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For whatever reason, last year I purchased a service contract at my dealer. They have a service department with a good reputation. I am getting older and justified it that I would have more time to ride and with my teenager living in the garage (that's a whole other story), oh well. Anyway, the last service was a valve clearance check, and I never got specific feedback as to how they checked out, even when asking directly. I didn't want to burn my bridges for future service, so I let it go. Now that I think about it, they probably didn't even do it...

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YES, I did on both my '81 Honda CB750K and my '00 ZRX1100. Right after I bought them new. And yes, I realize that was 19 and 38 years ago--and I still have the bikes.

The 750 uses shim-over-bucket valve actuation, and I told them that the valve tools were a condition of sale for me(along with the factory service manual). The specs for both intakes and exhausts are .002"-.005". As I remember, out of the 16 valves 9 were within spec, but on the tight side. 7 were right at the tight limit. I was able to swap shims between valves to get 4 in spec, and had to purchase 3 shims to get all the valves to .003"-.005". Yep, it was under warranty but I told the service manager at the time of sale that unless something breaks or prematurely wears out under warranty, you'll never see this bike in your shop.
My ZRX1100 Uses sliding rockers arms to uncover shims located in the top of the valve spring retainers. shims. Specs are .005"-.007" intake, .007"-.009 exhaust. 9 were in spec, 7 were way too tight at .003".
Swapped some shims, bought 4, and got them all in dead center of spec. The bike ran great before with no drivability or noise issues, but was smoother and stronger after the adjustment.
Yes, these 2 are old bikes, but I still enjoy them and still run and look like new--when the carbs(what are those?) want to pay the game. But a key thing whether carbureted or injected is to to a cafrb or throttle body sync after a valve adjustment. Valve ajustment directly affects engine vacuum, and a sync ir really nothing more than equalizing vacuum on the engine side of the throttle plate. You can equalize the readings, but the idle and low-speed power outputs wont be the same between cylinders.
 

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I did the 48.000 km service on my '02 DL1000 this week. Took me two full days. In addition to the valve clearance check (two exhaust valves too tight) I also changed chain&sprockets and front fork oil/seals. So that, and my inexperience, increased the total time required quite a bit. (Not to mention forgetting to plug in the horn connector, and only finding that once all the plastic was back on again.) But I can well imagine a dealer quoting five hours of labour for just a valve check.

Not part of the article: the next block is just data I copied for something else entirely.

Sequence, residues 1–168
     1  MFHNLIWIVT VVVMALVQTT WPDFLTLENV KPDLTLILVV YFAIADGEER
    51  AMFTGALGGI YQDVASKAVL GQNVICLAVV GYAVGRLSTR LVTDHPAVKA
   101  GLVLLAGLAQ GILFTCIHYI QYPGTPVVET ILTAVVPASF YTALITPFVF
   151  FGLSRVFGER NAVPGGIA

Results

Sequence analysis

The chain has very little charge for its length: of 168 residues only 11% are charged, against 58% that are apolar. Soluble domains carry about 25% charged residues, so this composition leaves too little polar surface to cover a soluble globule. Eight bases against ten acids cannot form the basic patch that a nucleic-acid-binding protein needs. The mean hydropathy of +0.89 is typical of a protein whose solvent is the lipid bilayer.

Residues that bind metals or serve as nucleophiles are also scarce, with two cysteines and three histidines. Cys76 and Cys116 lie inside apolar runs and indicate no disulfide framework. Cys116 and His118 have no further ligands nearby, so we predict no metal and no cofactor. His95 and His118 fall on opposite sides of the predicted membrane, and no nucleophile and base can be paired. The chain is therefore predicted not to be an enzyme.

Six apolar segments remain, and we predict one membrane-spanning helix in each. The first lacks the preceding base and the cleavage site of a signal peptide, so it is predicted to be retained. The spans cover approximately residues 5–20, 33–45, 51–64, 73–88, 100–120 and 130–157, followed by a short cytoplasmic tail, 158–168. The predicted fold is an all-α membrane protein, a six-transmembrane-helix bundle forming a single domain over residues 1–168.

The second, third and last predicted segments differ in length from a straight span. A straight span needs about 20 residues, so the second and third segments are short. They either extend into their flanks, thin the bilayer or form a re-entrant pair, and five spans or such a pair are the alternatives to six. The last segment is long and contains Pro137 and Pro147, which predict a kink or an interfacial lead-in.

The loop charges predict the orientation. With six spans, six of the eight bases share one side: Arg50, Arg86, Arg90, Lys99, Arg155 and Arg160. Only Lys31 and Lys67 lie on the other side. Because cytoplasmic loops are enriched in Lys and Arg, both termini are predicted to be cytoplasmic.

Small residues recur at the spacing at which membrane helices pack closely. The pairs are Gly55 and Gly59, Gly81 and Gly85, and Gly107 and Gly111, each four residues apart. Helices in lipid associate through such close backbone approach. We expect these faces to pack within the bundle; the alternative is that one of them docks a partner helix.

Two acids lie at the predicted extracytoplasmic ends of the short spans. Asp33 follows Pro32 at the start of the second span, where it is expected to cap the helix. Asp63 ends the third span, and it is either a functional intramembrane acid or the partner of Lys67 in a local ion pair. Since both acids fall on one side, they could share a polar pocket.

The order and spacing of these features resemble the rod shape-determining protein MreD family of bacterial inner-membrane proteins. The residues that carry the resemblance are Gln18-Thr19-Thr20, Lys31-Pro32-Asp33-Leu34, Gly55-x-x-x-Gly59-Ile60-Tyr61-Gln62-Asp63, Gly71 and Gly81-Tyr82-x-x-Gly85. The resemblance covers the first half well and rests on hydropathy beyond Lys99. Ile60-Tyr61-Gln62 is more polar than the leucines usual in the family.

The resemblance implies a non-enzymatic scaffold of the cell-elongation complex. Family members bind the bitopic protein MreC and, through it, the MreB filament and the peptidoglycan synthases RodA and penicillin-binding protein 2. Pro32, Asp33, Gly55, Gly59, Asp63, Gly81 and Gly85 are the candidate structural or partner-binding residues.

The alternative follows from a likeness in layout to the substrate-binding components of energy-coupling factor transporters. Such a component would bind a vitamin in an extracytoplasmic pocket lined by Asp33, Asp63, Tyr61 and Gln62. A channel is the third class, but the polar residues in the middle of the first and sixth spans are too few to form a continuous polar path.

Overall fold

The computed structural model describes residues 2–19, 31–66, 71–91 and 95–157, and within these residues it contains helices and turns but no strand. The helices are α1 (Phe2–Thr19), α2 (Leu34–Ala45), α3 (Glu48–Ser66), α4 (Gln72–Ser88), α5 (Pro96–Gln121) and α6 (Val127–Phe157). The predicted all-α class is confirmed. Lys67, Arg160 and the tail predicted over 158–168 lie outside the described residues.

But this discussion left me wondering: Has anybody ever contemplated doing the labour-intensive but easy tasks (removing the plastics, draining the oil, draining the coolant, removing the fuel tank, removing the radiator) themselves, and then trailering the bike to the dealer so that they can do the valve check/adjustment? Once the cylinder heads are freely accessible, and assuming you have the replacement seals and a box of shims to hand, checking and adjusting the valves should not take more than an hour.
 

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SNIP........Has anybody ever contemplated doing the labour-intensive but easy tasks (removing the plastics, draining the oil, draining the coolant, removing the fuel tank, removing the radiator) themselves, and then trailering the bike to the dealer so that they can do the valve check/adjustment? Once the cylinder heads are freely accessible, and assuming you have the replacement seals and a box of shims to hand, checking and adjusting the valves should not take more than an hour.

Sort of, on my Tenere, I checked the valves and my dealer was going to pull the cams and re shim if required for a good price, if I brought him the bike disassembled. I my case, they were close enough and it was not needed. Just ask your dealer.
 

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Yeah, my 09 Wee is about due for the valve check. Not sure I want to attempt it myself. I checked two local shops, one was an independant with good reputation for years but has since picked up a couple of Italian lines, the other shop is a local Suzuki outlet of a large chain dealer.
One shop said it would be about 2-1/2 hours, the other said 7-8 hours! From what I've been seeing here, it sounds like these numbers are low and high, respectively.
Anyone have a shop recommendation in / near Tucson?
 

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Seems shop 'A' has done it before, and shop 'B' hasn't, which would account for the extra hours. I had a local mech perform a valve check at about 25,000 miles on my 2006 650 - it took him about 4 hours. I'd say that is reasonable considering how much dissection is involved with accessing the valves. He replaced a few shims, and the rest were in spec. I figure I'm good for a long long while, since once a 650 wears in, and the valves are re-spec'd and check, the engine is very stable valve-train wise.

Remember, you're also paying for convenience, so the higher price may still be a good deal. Either way, consider it a 'one time hit' to the wallet.....
 
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